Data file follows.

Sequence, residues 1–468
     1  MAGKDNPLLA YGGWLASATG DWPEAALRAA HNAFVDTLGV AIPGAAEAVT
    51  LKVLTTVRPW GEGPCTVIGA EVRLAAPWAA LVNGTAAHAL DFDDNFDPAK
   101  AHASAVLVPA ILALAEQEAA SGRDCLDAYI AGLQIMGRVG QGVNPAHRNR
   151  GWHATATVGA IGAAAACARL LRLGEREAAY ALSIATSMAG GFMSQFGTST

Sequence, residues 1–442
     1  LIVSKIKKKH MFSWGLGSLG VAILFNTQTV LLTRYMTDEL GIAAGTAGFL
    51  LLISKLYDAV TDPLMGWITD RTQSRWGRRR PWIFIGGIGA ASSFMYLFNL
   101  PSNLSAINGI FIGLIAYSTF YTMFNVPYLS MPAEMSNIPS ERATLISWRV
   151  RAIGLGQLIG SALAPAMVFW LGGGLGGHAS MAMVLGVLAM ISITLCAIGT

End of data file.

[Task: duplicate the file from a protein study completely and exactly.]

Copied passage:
Sequence, residues 1–468
     1  MAGKDNPLLA YGGWLASATG DWPEAALRAA HNAFVDTLGV AIPGAAEAVT
    51  LKVLTTVRPW GEGPCTVIGA EVRLAAPWAA LVNGTAAHAL DFDDNFDPAK
   101  AHASAVLVPA ILALAEQEAA SGRDCLDAYI AGLQIMGRVG QGVNPAHRNR
   151  GWHATATVGA IGAAAACARL LRLGEREAAY ALSIATSMAG GFMSQFGTST

Sequence, residues 1–442
     1  LIVSKIKKKH MFSWGLGSLG VAILFNTQTV LLTRYMTDEL GIAAGTAGFL
    51  LLISKLYDAV TDPLMGWITD RTQSRWGRRR PWIFIGGIGA ASSFMYLFNL
   101  PSNLSAINGI FIGLIAYSTF YTMFNVPYLS MPAEMSNIPS ERATLISWRV
   151  RAIGLGQLIG SALAPAMVFW LGGGLGGHAS MAMVLGVLAM ISITLCAIGT